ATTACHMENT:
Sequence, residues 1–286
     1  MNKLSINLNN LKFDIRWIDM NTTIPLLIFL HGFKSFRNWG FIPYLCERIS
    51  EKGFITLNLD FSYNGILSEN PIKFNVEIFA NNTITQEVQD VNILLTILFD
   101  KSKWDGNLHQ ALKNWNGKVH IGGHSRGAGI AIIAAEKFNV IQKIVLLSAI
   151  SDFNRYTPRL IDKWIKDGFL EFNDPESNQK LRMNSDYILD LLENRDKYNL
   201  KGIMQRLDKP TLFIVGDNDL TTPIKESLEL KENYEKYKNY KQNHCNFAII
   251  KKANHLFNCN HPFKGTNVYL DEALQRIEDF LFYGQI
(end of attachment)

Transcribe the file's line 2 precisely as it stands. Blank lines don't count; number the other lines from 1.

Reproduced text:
     1  MNKLSINLNN LKFDIRWIDM NTTIPLLIFL HGFKSFRNWG FIPYLCERIS